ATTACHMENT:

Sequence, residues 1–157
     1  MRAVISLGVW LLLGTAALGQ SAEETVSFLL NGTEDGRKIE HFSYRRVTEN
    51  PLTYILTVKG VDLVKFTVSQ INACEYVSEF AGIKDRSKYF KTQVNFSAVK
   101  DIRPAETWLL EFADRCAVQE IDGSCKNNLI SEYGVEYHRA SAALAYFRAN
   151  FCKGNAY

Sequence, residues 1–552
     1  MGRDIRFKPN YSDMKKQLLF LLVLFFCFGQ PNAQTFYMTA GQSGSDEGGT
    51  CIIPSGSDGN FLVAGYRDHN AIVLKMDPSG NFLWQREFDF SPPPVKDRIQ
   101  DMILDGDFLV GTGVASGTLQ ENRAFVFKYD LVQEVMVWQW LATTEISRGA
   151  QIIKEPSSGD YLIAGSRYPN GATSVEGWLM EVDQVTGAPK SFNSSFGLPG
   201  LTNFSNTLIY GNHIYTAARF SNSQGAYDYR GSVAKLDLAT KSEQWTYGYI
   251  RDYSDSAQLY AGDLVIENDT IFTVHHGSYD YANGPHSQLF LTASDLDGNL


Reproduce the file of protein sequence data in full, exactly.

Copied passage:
Sequence, residues 1–157
     1  MRAVISLGVW LLLGTAALGQ SAEETVSFLL NGTEDGRKIE HFSYRRVTEN
    51  PLTYILTVKG VDLVKFTVSQ INACEYVSEF AGIKDRSKYF KTQVNFSAVK
   101  DIRPAETWLL EFADRCAVQE IDGSCKNNLI SEYGVEYHRA SAALAYFRAN
   151  FCKGNAY

Sequence, residues 1–552
     1  MGRDIRFKPN YSDMKKQLLF LLVLFFCFGQ PNAQTFYMTA GQSGSDEGGT
    51  CIIPSGSDGN FLVAGYRDHN AIVLKMDPSG NFLWQREFDF SPPPVKDRIQ
   101  DMILDGDFLV GTGVASGTLQ ENRAFVFKYD LVQEVMVWQW LATTEISRGA
   151  QIIKEPSSGD YLIAGSRYPN GATSVEGWLM EVDQVTGAPK SFNSSFGLPG
   201  LTNFSNTLIY GNHIYTAARF SNSQGAYDYR GSVAKLDLAT KSEQWTYGYI
   251  RDYSDSAQLY AGDLVIENDT IFTVHHGSYD YANGPHSQLF LTASDLDGNL